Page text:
From the Back Cover
Back end paper
Hubble uses a natural “zoom lens” in space to give an unprecedented and dramatic new view of the distant universe. Hubble peered straight through the center of one of the most massive galaxy clusters known, called Abell 1689.
Designed with large images and distraction-free layouts to increase the impact of Hubble’s imagery, this book gives the reader a guided tour of the cosmos through the eyes of the Hubble Space Telescope. Before Hubble was launched in 1990, no exoplanet had ever been observed, dark energy was unknown, the age of the universe was a mystery, and the most distant objects observed were just halfway back in time to the Big Bang. Hubble has been the centerpiece in a revolution in astronomy, as well as giving the public a visceral connection to the Universe through its stunning images.
The images that have been selected here explore key themes in recent astronomy, including planetary science, cosmology and stellar evolution, explaining Hubble’s contributions to our understanding of the universe. Hubble's unique images – some never published before – are presented together with a mix of cutting-edge science that highlights the key discoveries of the past few years and how they fit into Hubble’s growing list of scientific achievements. It is an unforgettable view of our amazing universe.
Popular Science /
About the Author
Lars Lindberg Christensen is an award-winning science communication specialist heading the European Southern Observatory Education and Public Outreach Department for ESO’s part of ALMA, E-ELT and ESA’s part of the Hubble Space Telescope. He obtained his Master’s Degree in physics and astronomy from the University of Copenhagen, Denmark, and has more than 100 publications to his credit, most of them in popular science communication and its theory. Lars is Press Officer for the International Astronomical Union (IAU) and the Executive producer and director of three astronomy documentaries.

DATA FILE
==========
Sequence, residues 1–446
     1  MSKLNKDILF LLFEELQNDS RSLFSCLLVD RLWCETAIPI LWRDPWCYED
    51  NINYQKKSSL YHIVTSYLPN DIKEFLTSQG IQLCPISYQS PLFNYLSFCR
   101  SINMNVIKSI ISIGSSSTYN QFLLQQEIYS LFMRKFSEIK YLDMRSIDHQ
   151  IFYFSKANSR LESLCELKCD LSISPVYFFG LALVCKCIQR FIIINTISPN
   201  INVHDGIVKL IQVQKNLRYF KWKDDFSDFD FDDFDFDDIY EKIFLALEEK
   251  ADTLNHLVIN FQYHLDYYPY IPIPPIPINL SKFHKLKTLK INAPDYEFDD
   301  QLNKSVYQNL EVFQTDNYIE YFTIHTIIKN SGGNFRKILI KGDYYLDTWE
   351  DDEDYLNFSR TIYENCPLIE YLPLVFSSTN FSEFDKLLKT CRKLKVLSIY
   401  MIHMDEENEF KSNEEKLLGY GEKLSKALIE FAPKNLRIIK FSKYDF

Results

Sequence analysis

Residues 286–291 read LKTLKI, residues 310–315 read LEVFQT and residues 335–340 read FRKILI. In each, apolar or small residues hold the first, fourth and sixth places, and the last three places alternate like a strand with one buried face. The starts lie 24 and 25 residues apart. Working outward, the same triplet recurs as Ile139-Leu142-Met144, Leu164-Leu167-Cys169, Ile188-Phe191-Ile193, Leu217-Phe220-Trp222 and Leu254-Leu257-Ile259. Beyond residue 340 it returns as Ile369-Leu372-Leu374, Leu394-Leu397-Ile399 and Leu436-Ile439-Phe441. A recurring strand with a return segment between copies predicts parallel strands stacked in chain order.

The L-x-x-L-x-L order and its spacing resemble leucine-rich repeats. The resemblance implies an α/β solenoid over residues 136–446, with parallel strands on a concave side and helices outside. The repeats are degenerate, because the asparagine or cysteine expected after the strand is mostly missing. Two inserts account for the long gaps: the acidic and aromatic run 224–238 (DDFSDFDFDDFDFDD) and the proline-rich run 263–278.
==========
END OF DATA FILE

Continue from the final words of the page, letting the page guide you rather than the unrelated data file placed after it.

Oli Usher is a London-based science writer, who specializes in astronomy and space science. He has worked in public outreach for a range of scientific organizations including ESA, ESO and University College London, where he currently manages the communications and public outreach activities of the Faculty of Mathematical and Physical Sciences. He studied history of science and science communication at UCL and the University of Cambridge, and has also worked as a magazine journalist.